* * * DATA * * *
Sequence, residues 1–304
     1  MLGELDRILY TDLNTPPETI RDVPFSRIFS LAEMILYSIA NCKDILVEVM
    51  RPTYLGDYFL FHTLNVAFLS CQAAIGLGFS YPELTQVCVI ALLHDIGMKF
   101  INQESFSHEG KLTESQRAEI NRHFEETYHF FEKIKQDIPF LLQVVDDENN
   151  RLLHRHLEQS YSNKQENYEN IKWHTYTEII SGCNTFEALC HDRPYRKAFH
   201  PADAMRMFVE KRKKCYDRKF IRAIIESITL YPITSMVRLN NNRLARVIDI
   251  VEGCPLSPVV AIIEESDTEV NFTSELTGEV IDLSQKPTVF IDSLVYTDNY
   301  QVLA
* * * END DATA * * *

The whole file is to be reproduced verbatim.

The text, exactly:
Sequence, residues 1–304
     1  MLGELDRILY TDLNTPPETI RDVPFSRIFS LAEMILYSIA NCKDILVEVM
    51  RPTYLGDYFL FHTLNVAFLS CQAAIGLGFS YPELTQVCVI ALLHDIGMKF
   101  INQESFSHEG KLTESQRAEI NRHFEETYHF FEKIKQDIPF LLQVVDDENN
   151  RLLHRHLEQS YSNKQENYEN IKWHTYTEII SGCNTFEALC HDRPYRKAFH
   201  PADAMRMFVE KRKKCYDRKF IRAIIESITL YPITSMVRLN NNRLARVIDI
   251  VEGCPLSPVV AIIEESDTEV NFTSELTGEV IDLSQKPTVF IDSLVYTDNY
   301  QVLA